As a huge fan of giant robots duking it out, I played a lot of video games that would give me the opportunity to do so. The lack of a true Transformers video game in my youth aside, I made due with the Mechwarrior series and some of the early Armored Core games before they stopped making them. The Mobile Suit Gundam fighting games aren’t in the same spirit, so I don’t count those. A video game based off Eureka Seven’s schematics, however, is a concept that had promise in theory but kind of flounders in execution.
Developed by Bandai Namco and released for the PS2 in 2005, The New Wave features an original side plot that runs canon with the anime series. The oddly named Sumner Sturgeon (What’s up with BONES’ character names?), the main character and “prodigy” son….of a large fish, I guess. Steven, the by-the-books straight man. Hooky, the comic relief sidekick. Gillian, the high-spirited big sister of the team. And Ruri, Sumner’s love interest and lead female who is absent throughout most of the first game. I like them all, they're a decent lot, if not a little token by mid 2000 anime standards. Together with his friends, they work their way through the military academy called "The New Wave", as trials of love and trust are intertwined. Honestly, the story is heartier than I expected it to be, and is decently written. It'd fit in adequately with the television show.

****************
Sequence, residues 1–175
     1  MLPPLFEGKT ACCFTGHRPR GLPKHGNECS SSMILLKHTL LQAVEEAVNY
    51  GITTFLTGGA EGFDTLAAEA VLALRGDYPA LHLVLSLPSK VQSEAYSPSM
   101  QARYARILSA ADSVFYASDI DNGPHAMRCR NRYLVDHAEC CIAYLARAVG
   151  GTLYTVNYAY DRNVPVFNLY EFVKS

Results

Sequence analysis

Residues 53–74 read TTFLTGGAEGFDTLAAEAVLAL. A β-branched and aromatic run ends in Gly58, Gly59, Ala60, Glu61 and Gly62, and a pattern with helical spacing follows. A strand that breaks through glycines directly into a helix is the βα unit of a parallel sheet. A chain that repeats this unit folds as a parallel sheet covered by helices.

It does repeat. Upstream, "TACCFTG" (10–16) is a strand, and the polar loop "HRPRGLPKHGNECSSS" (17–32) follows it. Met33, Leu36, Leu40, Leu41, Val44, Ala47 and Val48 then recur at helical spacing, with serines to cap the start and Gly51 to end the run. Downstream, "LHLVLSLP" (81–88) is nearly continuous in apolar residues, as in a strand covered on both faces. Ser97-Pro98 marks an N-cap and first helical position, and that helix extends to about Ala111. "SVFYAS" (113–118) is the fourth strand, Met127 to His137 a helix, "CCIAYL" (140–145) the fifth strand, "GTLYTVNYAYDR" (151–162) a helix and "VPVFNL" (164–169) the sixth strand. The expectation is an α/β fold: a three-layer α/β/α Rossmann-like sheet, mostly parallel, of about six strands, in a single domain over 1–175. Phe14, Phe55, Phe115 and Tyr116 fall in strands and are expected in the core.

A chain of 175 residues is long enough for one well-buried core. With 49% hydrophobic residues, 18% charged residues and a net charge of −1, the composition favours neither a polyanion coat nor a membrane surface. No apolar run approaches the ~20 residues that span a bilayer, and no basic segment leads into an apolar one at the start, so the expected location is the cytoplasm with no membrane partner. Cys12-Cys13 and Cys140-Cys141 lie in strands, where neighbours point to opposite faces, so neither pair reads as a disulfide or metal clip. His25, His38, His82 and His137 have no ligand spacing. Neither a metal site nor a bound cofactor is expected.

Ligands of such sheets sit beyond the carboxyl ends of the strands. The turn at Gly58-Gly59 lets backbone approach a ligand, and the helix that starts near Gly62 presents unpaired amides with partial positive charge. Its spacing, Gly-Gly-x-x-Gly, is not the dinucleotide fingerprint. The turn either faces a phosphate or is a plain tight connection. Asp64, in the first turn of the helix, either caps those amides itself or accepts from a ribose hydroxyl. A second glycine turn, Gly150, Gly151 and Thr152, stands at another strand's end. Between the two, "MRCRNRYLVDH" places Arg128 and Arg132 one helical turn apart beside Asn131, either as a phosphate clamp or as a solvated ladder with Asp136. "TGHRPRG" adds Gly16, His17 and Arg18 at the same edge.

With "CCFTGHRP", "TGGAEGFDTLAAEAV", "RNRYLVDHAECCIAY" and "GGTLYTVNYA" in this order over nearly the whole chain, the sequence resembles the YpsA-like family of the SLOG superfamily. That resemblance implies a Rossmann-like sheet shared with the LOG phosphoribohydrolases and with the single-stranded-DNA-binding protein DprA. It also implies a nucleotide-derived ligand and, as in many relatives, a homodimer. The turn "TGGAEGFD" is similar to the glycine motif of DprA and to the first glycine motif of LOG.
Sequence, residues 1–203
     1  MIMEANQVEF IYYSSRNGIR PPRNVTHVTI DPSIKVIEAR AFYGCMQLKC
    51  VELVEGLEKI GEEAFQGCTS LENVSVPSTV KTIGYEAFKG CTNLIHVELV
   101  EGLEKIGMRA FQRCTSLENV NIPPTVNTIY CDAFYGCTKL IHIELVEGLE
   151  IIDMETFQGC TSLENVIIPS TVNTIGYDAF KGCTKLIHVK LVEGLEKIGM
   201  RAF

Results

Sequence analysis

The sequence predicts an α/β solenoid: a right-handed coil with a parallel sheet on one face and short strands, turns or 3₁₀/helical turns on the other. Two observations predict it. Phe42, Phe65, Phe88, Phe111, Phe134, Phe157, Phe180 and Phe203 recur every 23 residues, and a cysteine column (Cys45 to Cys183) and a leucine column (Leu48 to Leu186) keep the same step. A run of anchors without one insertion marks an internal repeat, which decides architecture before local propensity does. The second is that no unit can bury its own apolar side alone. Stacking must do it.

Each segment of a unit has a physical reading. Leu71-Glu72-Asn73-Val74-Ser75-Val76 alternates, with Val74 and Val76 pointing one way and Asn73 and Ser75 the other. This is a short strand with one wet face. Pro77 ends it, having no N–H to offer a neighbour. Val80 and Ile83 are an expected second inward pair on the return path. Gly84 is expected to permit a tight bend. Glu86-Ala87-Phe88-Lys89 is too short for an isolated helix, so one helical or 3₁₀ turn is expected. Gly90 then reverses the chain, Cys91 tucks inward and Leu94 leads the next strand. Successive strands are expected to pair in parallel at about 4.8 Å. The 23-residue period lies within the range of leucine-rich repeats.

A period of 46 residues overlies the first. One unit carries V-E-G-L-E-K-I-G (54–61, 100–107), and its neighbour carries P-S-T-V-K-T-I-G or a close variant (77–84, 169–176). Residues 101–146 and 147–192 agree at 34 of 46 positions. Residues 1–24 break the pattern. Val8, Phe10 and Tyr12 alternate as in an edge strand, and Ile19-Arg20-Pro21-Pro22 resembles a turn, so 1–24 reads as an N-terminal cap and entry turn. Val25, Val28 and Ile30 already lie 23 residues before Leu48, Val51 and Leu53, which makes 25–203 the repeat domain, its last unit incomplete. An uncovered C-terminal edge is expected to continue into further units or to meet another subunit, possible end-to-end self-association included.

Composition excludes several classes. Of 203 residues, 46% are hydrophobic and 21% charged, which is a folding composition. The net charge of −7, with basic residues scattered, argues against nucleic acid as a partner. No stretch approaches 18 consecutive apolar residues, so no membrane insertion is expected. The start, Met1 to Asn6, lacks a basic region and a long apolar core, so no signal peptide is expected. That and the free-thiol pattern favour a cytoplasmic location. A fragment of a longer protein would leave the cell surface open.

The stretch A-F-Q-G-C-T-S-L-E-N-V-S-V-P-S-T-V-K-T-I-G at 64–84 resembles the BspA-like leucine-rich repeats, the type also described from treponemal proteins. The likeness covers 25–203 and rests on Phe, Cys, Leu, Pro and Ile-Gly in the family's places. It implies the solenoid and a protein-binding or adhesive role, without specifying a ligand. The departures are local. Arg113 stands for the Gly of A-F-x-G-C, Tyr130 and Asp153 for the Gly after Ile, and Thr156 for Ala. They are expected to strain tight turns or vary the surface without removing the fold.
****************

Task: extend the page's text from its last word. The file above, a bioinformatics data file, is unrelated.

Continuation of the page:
As for the gameplay itself, The New Wave is a third person action title where Sumner Sturgeon pilots mech units called LFOs (Light Finding Operation) and battles enemy combatants. Spliced with the armored warfare are some occasional missions on foot. In the anime, LFOs moved quickly and darted around like mad avoiding enemy fire from constant angles. In The New Wave, your machine handles like a snowmobile on black ice. The control scheme is like a dumbed down amalgam of Virtual On and Armored Core, leaving the LFOs maneuvering around sluggish and barely responsive, with a marginal weapons cache.
The New Wave is pretty straightforward, and some missions are legitimately tough not at the fault of the controls. some of the stages that take you out of the LFO are a little trudging, but essentially reduced to wiping out all of the enemies on-screen. As before, I just sat back and took apart baddies with the Railgun instead of engaging and won most of the time, only slightly changing weapons. You can purchase upgrades, but you can pretty much get away with armor and dash boost related equipment. The bosses are pretty tough cookies, and the stages where you have to battle a seemingly endless onslaught of drones can be a bit head bashingly hard. The CPU will give you an assist partner, like Hooky, but if they die, game over and retry, which gets on my nerves, since their skill level seems to be set to Toddler. The more frequently you lose, the more health packs they give you, which hurts your grade upon completion of the level.
Something decent probably could’ve became of this game had a little more time had been put into the game engine to make it more fun. Graphics and animation aren't bad, but it's too bad it isn't cel-shaded. The color palette feels stuck in this garish, muted grey tone, with very little in the way of interesting hues or appealing design choices. The anime cut scenes are very well done, and the voice acting is fine quality. It's just too bad the action and controls feel very half-baked and underdeveloped to be anything above mediocre. Eureka Seven: The New Wave is playable, just not amazing in any real category.